A pastor apologized after realizing the mistake over his "ridiculous ultimatum" on women to only wear one-piece bathing suit during camp, subjecting them to the "frustration" of finding the garment in stores and carrying the responsibility on purity.
Bryce Brewer, a youth pastor in Washington, expressed his apology on social media for imposing the swimsuit requirement. He also revealed about the experience that led him to grasp the difficulty of searching such attire when he went with his fiancé and her daughter to shop for it themselves, the Christian Headlines reported.
"So I need to issue an apology... I have been a youth pastor on and off for over 20 years, and I have issued the ridiculous ultimatum to my female students at summer camp 'ONE PIECE SWIMSUITS ONLY.' First of all I am sorry," he began.
He then enumerated five reasons for being "sorry."
First, for not teaching men to control themselves.
Second, for placing the weight of purity on girls over their swimsuit rather than on boys "to not be gross."
Third, for subjecting women to the difficulty of searching for the one-piece attire so they could be deemed "appropriate."
Fourth, for thinking that the girls' bodies "need to be covered" but "ok" for boys to show theirs.
Finally, for letting the issue an "item of discussion" during youth leader meetings, which are usually led by men, making female attendees of such meetings felt "awful."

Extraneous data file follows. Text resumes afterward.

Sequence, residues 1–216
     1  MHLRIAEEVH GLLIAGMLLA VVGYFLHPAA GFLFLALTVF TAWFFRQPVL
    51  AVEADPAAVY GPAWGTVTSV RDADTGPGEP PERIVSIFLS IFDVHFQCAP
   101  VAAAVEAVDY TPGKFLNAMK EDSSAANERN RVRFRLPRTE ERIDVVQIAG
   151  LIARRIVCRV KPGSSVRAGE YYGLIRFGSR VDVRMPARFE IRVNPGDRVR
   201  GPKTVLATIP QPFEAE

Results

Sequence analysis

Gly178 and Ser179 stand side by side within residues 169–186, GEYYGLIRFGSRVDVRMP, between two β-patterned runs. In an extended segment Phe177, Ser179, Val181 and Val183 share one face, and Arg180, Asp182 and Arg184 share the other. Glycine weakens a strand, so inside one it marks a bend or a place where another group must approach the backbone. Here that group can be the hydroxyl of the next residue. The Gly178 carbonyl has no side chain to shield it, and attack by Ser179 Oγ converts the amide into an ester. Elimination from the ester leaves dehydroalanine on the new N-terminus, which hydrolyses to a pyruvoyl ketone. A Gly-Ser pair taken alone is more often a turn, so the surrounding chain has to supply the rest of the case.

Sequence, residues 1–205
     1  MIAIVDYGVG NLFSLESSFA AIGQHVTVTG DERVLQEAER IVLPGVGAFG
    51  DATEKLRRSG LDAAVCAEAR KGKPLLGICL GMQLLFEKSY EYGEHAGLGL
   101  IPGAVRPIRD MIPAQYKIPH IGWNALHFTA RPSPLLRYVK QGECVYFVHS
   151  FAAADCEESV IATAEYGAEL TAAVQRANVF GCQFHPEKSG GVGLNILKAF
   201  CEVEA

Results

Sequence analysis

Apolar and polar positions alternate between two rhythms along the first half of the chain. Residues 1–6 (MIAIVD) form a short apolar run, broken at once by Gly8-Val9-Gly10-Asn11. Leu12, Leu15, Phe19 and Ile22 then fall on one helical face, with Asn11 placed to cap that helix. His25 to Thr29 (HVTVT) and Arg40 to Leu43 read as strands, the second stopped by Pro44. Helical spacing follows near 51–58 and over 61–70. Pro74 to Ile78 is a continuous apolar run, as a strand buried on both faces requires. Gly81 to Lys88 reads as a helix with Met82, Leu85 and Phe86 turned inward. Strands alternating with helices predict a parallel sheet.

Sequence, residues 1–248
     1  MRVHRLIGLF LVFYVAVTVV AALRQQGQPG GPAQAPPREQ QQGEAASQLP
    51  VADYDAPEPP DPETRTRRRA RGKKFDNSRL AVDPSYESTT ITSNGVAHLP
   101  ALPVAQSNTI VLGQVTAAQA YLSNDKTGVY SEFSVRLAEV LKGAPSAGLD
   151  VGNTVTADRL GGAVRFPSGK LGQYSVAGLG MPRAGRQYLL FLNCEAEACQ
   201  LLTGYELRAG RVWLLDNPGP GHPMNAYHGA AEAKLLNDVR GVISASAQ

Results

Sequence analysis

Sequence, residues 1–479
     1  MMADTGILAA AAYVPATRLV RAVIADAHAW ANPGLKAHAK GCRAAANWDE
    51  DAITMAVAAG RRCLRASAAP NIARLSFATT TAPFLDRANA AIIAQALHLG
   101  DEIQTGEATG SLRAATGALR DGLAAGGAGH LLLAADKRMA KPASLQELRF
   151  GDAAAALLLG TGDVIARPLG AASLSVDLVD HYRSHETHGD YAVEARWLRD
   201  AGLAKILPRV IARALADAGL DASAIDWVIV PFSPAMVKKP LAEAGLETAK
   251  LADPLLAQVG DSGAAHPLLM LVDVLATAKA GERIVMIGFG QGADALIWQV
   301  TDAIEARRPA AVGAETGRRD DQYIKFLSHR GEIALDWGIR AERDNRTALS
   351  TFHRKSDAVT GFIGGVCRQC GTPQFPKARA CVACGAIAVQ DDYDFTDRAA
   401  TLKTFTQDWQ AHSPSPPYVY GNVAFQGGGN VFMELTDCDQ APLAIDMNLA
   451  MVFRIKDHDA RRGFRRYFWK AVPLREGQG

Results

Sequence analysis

"Why are women meant to feel they are responsible for men's actual sin of lust?" he asked.
He went on to apologize for men's actions of making women "felt sexualized" by telling them to cover their bodies. He also felt sorry for not teaching boys "to be men" and placing the "responsibility" on women instead.
The pastor closed the post by stating some reminders.
He said that girls should wear swimsuits that let them "have fun" while boys should "stop being disgusting" and must control themselves. Further, he also stated that male youth pastors should "stop being chauvinist[s]" and that Christians should "live like Jesus."
In an interview with TODAY, he shared how an experience of buying the swimsuit changed his perspective about imposing it on women.
"I wandered with them through several department stores and through Target trying to find a cute-but-appropriate one-piece bathing suit and they're very very difficult to find. I watched a frustration build with both of them, almost a dejection," he said.
"I wondered, how many young ladies did I subject to this event over 20 years of ministry? Times when, because of me, they were desperately searching for a one-piece bathing suit and couldn't find one?" the pastor added.
He also noted that women come in different shapes and that allowing men to dictate them with what they should wear is "ridiculous."
He was also hoping that other church leaders would learn from his mistake.
"I truly am sorry, and my intention was to say that and to say that while my heart may have been in the right place, I missed the boat in this area," the pastor concluded.